of Sangster 2003, a PhD thesis that evidently used computer modeling to show Dimorphodon was a quadruped. I have not seen the thesis and Ms. Sangster can no longer be found online. I wonder about these conclusions because:

  1. PhD theses are, by definition, the work of inexperience workers; and
  2. Sangster may have had to earn her PhD by succumbing to the unveiled interests of her English professors, as we’ve seen before here and here.
Figure 4. Galloping Dimorphodon by Mark Witton.

Figure 4. Galloping Dimorphodon by Mark Witton.

To counter the awkward, dangerous and ultimately unproductive
quad-launch scenario, I proposed the following bipedal launch animation (Fig. 5). It combines the hind limb leap with the first flap of the large wings to provide the maximum thrust at takeoff. In the Habib proposal, you don’t get that wing flap until later in the cycle – maybe too late in the cycle. The quad launch also depends on directing the force of liftoff through the fragile free fingers. They were not strong enough for that, especialy not when there is a better option available using giant muscles in the chest and pelvis. That’s why the sacrum is so strong, to act as a fulcrum on that long, heavy lever!

FIgure 5. Dimorphodon take off (with the new small tail).

FIgure 5. Dimorphodon take off (with the new small tail).

So let’s get back
to Witton’s cover illustration (Fig. 6), which they tout as our contemporary view of Dimorphodon. I will note several inaccuracies (below). See figures 2 and 3 for accurate tracings.

Figure 6. Touted as the contemporary view of Dimorphodon, this Mark Witton illustration suffers from several fancies and inaccuracies.

Figure 6. Touted as the contemporary view of Dimorphodon, this Mark Witton illustration suffers from several fancies and inaccuracies.

  1. No Dimorphodon as this shape of skull.
  2. Needs a longer neck.
  3. Free fingers should be long and the unguals much larger.
  4. Wing appears to be too short with a too narrow wing tip chord.
  5. Witton wants to connect the trailing edge membrane from wing tip to ankle (or lateral toe), but look at the tremendous stretch in the membrane when that happens. Seems to be getting dangerously close to the narrow-at-the-elbow wing design of Zittel, Schaller and Peters, which they want to avoid.
  6. Ouch! This is a set of elongate toe bones with butt metatarsophalangeal joints – where Witton breaks them. This is not a calcar (a novel ossification on bat ankles which enters the uropatagium). One one side of these lateral toes the wing membrane attaches. On the other side the uroropatagium attaches. This is not shown in any fossil! Related taxa, from Langobardisaurus to Sharovipteryx, to Tanystropheus, with this same sort of elongate toe morphology, do not dislocate their bones this way. See Peters 2000 for a description that fits Rotodactylus tracks.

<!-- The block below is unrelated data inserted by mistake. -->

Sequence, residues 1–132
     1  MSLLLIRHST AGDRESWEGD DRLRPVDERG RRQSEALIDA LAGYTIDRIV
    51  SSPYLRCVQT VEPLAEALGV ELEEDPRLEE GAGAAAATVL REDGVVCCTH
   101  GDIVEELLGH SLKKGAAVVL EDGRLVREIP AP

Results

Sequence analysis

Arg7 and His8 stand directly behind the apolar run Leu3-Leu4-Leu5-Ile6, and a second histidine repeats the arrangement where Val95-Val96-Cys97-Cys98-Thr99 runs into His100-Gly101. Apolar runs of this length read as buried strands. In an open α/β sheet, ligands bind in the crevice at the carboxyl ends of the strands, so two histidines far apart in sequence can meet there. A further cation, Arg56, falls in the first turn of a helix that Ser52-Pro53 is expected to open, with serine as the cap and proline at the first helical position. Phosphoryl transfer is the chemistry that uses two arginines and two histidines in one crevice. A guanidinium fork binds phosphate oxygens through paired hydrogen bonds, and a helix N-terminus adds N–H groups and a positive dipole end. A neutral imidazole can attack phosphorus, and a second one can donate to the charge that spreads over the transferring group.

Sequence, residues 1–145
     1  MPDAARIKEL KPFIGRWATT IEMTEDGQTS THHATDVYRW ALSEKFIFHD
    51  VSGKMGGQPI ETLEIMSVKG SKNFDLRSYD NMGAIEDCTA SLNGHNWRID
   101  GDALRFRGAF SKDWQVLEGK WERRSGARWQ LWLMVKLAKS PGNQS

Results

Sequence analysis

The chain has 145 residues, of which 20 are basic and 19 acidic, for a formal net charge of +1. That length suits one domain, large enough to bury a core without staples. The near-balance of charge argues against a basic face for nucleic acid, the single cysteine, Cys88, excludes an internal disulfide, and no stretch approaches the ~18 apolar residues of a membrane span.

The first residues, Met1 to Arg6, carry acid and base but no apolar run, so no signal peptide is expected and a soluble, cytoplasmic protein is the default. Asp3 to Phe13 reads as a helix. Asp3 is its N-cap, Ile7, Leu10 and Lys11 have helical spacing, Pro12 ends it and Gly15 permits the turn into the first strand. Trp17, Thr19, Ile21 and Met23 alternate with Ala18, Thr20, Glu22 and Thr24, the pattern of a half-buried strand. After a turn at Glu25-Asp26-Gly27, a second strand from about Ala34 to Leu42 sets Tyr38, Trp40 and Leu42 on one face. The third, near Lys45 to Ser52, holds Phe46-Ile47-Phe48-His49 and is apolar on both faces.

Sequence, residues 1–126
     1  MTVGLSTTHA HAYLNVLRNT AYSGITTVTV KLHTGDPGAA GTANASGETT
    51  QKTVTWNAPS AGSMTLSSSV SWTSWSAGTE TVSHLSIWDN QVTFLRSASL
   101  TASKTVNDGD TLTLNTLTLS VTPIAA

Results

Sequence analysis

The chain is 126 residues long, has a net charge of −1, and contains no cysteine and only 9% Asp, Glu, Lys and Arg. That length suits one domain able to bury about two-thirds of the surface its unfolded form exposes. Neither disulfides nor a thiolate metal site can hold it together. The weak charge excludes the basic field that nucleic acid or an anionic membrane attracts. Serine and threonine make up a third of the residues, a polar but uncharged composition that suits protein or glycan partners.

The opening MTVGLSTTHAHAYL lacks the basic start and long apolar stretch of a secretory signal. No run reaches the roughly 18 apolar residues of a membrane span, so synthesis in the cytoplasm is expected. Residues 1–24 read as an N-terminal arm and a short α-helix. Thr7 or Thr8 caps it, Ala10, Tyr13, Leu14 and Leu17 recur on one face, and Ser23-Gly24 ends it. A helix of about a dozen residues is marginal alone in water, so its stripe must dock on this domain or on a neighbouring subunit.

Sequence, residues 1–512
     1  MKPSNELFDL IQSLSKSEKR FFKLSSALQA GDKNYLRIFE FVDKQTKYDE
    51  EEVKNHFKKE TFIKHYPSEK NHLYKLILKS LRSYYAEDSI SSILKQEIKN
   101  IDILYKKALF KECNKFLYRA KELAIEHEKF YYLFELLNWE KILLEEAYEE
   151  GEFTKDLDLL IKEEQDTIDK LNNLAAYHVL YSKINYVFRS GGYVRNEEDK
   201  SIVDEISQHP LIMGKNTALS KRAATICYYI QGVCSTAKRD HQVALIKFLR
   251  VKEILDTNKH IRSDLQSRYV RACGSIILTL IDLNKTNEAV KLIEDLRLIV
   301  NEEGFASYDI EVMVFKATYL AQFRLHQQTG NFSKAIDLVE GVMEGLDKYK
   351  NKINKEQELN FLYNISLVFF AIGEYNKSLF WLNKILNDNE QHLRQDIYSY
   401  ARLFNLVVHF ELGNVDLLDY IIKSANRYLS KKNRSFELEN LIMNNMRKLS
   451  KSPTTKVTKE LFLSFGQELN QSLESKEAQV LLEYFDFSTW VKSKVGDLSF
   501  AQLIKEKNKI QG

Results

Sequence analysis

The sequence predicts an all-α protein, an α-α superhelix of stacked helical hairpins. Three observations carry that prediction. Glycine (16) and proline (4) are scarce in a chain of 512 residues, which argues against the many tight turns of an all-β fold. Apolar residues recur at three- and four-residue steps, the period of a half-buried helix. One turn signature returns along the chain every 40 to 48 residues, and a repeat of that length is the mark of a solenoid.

7. No pterosaur has a uropatagium. This comes from a misinterpretation of Sordes. Pterosaur do have paired uropatagia.
  8. The tail is too large. On the BMNH 41212 fossil the traditionally overlooked tail is very small (Figs. 2, 7) This is in accord with related anurognathids. An unassociated tail has been attributed to Dimorphodon (Fig. 5) but it is robust and much longer. It probably belongs to a eudimorphodontid or campylognathoid. I”m surprised the tiny tail of Dimorphodon has gone unnoticed for so long. The specimen has been in English storage for over a hundred years. It was their responsibility for discovering this, but they chose instead to use their imaginations (Fig. 6).
  9. No tail vane is known for Dimorphodon. Tail vanes are found in pterosaurs like Campylognathoides and Rhamphorhynchus, both with a robust tail. Vestigial tails are unlikely to have had tail vanes.
FIgure 7. The tail of Dimorphodon (BMNH 41212 specimen). See figure 2 for reconstruction.

FIgure 7. The tail of Dimorphodon (BMNH 41212 specimen). See figure 2 for reconstruction.

I’m asking my Engllsh colleagues
|to step up their game and become more professional. Otherwise chaps from across the pond are going to continue pointing out the flaws in their thinking. I’m not going to say their approach is not scientific (as they say about my work), but when you forsake accuracy for artistry, you’re treading very close to that line.

References
Habib MB 2008. Comparative evidence for quadrupedal launch in pterosaurs. Zitteliana B28:159-166.
Hone DWE, Witton MP and Martill DM 2017.
New perspectives on pterosaur paleobiology in Hone DWE, Witton MP and Martill DM (eds) New Perspectives on Pterosaur Palaeobiology. Geological Society, London, Special Publications, 455, https://doi.org/10.1144/SP455.18
Peters D 2000. Description and Interpretation of Interphalangeal Lines in Tetrapods 
Ichnos, 7: 11-41.
Peters D 2002. A New Model for the Evolution of the Pterosaur Wing – with a twist 
Historical Biology 15: 277-301
Peters D 2011. A Catalog of Pterosaur Pedes for Trackmaker Identification.
Ichnos 18(2):114-141. http://dx.doi.org/10.1080/10420940.2011.573605